The Farm Margaret River, South West Australia
12 years before, I’d been invited to create a land art work in the vicinity of Eagle Bay, Cape Naturaliste, not so far from Margaret River. The research I undertook then was invaluable for this new commission at The Farm, this included an initial engagement with the Wardandi community at the Wardan Centre.
The very first morning I woke up in the cottage overlooking The Farm, I was dismayed to see a sink hole completely defiled by cattle. This sink hole is the single source of spring water on the farm, the water from which ultimately ends up in the Ellen Brook River – a river that is so polluted it should not be swum in.
My dismay triggered an immediate vision, the like of which I’ve never experienced before: a woman over half a kilometre long lay in the shallow valley of the farm, the spoiled sink hole being her life giving area.
Following discussions with my friend and fellow art in nature artist, Elaine Clocherty, currently living on The Farm and, soon after, with the clients, we contacted the local Wardandi elder, Vivienne Brockman, a close friend of Elaine’s.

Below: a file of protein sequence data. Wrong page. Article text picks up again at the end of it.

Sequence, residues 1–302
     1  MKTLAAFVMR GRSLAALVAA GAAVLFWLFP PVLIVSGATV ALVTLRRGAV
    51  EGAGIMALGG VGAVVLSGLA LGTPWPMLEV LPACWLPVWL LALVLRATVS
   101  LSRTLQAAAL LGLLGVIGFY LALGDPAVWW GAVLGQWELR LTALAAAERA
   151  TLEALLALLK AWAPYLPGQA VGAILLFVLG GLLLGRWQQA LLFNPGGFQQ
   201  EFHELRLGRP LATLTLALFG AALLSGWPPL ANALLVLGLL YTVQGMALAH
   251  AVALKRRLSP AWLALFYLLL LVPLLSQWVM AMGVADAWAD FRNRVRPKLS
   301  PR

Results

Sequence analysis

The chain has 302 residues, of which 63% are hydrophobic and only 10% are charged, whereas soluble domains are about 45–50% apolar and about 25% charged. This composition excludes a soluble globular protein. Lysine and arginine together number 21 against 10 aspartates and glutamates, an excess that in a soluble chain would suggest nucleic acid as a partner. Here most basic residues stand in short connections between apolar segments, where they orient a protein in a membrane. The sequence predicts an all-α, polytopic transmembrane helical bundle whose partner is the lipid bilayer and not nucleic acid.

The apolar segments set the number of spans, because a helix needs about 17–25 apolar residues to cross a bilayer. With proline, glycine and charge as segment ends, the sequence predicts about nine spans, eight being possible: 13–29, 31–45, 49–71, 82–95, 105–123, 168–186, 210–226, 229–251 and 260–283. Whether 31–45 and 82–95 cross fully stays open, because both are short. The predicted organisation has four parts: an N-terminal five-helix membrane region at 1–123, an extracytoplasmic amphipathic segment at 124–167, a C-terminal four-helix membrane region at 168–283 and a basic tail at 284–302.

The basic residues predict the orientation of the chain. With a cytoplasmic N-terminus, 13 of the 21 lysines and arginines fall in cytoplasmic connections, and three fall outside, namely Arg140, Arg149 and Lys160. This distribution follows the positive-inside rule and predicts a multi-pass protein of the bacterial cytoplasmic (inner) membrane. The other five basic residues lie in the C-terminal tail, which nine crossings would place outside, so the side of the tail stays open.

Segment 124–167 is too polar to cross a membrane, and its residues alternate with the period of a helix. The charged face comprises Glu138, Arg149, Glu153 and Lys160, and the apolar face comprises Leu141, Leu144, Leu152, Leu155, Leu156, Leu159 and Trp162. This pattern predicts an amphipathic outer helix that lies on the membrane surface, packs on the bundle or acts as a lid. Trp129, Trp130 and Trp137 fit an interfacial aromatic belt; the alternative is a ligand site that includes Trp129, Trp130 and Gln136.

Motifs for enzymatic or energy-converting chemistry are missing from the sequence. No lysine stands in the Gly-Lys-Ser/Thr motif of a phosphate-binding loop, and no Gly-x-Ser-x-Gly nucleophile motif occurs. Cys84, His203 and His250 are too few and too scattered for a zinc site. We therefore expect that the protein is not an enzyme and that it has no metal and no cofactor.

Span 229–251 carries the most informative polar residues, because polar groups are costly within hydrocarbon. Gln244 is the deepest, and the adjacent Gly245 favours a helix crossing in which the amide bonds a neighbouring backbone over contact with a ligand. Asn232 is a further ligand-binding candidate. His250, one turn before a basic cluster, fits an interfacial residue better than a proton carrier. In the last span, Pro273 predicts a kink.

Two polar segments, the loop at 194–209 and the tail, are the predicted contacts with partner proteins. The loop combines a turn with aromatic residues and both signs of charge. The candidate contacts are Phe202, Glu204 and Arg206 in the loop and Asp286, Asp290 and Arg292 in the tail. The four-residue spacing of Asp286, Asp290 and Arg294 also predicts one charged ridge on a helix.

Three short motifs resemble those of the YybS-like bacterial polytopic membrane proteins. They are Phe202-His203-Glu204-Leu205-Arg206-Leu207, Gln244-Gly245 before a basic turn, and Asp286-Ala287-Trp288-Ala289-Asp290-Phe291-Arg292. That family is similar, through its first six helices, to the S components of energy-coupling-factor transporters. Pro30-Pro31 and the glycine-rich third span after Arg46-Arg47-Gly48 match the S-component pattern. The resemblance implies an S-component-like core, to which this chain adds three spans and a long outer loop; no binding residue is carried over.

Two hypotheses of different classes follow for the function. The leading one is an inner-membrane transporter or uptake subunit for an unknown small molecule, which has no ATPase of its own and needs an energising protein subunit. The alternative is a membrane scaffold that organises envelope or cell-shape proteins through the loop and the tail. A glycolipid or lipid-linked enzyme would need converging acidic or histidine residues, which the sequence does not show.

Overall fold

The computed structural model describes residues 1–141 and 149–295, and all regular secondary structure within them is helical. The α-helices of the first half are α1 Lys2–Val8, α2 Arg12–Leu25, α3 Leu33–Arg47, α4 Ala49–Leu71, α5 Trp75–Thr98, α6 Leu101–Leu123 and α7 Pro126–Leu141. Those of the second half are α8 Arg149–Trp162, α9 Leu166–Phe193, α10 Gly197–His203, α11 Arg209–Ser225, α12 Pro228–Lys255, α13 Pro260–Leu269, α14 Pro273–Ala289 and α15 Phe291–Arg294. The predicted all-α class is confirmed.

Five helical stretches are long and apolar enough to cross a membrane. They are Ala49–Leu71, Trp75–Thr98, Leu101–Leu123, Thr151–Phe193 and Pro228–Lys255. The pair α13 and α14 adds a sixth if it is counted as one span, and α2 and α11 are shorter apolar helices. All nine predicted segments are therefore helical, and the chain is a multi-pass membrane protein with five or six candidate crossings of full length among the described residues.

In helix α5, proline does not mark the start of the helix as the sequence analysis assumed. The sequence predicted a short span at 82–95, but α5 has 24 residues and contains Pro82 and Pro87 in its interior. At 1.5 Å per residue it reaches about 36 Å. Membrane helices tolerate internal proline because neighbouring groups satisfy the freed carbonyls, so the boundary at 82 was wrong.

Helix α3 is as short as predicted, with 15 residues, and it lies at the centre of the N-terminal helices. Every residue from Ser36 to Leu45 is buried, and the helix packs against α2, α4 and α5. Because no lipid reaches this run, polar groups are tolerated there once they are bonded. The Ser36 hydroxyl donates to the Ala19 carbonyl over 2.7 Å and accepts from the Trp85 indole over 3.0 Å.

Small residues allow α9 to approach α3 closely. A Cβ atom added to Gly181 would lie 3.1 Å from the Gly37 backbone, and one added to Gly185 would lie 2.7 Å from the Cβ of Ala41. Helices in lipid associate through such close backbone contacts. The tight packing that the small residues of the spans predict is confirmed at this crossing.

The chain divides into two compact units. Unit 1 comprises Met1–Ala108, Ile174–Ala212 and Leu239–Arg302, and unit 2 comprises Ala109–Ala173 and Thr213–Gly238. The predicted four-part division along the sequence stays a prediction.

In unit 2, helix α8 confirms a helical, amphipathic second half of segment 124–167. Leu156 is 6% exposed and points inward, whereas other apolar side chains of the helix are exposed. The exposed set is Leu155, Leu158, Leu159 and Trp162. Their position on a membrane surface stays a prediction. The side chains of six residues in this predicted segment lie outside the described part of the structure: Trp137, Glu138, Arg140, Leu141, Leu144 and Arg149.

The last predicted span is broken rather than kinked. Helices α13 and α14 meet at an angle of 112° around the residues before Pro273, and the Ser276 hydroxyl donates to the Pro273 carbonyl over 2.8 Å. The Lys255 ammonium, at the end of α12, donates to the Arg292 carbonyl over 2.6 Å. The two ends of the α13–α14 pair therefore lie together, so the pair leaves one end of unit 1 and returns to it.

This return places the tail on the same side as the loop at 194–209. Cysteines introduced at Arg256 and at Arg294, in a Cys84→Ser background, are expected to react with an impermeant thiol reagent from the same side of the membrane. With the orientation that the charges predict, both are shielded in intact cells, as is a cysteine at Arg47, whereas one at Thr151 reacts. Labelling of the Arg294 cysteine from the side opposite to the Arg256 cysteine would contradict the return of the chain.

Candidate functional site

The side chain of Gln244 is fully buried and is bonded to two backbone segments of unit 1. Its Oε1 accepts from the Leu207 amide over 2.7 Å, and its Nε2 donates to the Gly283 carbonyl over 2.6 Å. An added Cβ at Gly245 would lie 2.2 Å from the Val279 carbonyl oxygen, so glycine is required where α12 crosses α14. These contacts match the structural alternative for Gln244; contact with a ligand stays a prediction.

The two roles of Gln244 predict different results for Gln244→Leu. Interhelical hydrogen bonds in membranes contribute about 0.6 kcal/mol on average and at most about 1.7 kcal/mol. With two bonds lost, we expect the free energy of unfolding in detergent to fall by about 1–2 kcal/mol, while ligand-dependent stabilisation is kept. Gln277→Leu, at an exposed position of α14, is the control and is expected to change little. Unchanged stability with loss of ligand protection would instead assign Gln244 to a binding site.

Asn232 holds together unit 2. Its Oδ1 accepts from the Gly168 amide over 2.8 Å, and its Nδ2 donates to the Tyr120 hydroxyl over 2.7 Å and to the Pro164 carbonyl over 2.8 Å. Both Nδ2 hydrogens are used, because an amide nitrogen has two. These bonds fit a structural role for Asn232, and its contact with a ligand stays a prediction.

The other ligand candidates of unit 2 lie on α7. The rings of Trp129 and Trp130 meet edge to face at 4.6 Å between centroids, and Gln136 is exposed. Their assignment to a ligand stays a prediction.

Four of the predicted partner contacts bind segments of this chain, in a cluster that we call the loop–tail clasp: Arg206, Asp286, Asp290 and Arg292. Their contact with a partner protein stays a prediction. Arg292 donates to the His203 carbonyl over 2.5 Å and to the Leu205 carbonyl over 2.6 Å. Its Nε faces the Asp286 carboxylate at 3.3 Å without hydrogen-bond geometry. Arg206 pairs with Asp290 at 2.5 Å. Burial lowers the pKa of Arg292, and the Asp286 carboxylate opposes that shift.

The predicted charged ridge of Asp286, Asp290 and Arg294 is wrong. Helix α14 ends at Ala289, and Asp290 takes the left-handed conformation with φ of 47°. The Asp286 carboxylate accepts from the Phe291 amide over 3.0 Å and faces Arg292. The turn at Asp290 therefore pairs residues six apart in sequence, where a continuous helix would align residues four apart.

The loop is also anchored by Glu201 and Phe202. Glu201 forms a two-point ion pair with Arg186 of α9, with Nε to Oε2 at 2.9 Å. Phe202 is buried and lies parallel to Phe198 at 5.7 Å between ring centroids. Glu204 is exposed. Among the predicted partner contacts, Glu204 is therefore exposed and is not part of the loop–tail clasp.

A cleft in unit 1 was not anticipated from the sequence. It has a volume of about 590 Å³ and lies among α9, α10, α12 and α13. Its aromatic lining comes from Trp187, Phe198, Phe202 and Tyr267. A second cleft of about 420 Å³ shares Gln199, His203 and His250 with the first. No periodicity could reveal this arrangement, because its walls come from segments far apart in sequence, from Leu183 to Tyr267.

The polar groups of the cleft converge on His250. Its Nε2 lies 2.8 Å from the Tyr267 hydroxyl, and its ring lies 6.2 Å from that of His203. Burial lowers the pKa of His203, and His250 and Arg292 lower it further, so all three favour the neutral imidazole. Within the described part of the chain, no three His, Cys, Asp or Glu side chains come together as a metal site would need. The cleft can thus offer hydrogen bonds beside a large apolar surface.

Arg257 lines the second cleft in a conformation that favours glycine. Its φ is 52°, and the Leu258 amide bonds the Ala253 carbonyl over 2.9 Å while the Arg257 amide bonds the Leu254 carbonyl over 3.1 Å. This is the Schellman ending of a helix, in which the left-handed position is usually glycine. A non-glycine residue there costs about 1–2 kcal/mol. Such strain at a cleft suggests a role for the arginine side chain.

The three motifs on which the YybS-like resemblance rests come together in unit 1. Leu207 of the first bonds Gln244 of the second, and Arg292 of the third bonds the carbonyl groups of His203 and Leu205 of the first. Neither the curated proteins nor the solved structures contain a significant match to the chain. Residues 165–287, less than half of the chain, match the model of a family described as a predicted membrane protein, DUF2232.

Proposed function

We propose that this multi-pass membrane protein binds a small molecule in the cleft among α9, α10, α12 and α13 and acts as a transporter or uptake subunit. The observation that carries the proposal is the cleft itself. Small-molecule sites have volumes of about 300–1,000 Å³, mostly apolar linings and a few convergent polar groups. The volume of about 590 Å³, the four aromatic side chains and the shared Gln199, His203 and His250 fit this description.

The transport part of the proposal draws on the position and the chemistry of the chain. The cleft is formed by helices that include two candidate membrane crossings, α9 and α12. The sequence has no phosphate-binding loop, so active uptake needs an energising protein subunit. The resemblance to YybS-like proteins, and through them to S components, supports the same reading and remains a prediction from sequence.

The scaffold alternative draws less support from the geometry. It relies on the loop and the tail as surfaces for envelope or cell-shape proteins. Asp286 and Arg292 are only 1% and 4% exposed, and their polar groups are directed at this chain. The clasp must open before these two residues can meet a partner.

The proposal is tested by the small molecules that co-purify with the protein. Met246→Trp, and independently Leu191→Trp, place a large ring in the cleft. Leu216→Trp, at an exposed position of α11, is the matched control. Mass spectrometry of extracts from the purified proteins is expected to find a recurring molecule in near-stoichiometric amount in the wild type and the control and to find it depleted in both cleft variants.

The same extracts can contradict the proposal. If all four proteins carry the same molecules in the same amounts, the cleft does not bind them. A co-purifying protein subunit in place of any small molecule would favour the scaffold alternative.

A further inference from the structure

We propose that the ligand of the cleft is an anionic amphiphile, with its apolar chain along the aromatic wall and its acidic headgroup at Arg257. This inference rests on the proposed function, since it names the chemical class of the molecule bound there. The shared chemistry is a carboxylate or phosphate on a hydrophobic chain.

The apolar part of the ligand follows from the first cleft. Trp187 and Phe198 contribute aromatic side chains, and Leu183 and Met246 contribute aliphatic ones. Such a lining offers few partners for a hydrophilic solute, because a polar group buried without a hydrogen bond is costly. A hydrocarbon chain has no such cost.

Vivienne soon visited The Farm and confirmed that in Wardandi accounts this place has always been important to women. Vivienne informed us of traditional aspects of the land and its agriculture. Eventually, following her guidance, I created a sculpture in the form of a goorbal or navel for the female form in the land.
Using 19 tonne of local limestone shards and with the help of volunteers we created an ever decreasing spiral 7 metres in diameter and about 120 cm high. Beneath this spiral we stacked 12 cubic metres of reclaimed hardwood from dead trees in the nearby forest. After 100 or more years, the limestone shard, dome like form, will compact together as the wood rots, tightly locking the structure together, leaving the inside hollow. The wood having turned to earth by fungi, the greatest recycler, and other micro and macro organisms.
As in many cultures, the belly button is the centre of new life, strength and fertility.
Currently Elaine is working with Mitch, the daughter of Vivienne Brockman, to design an appropriate nature based art to honour and protect the life giving area – the sink hole.
We see the woman in this farm project developing to reflect art and agriculture in a range of ways, in particular indigenous traditional practice in selecting and placing plants into the landscape. We hope that in redeveloping this field, including the sink hole, into a growing female form, could result in stabilisation of the land and cleaner water running downstream. That would represent a triumph of art and agriculture in our minds, the precious spring water source and female form being revegetated and protected.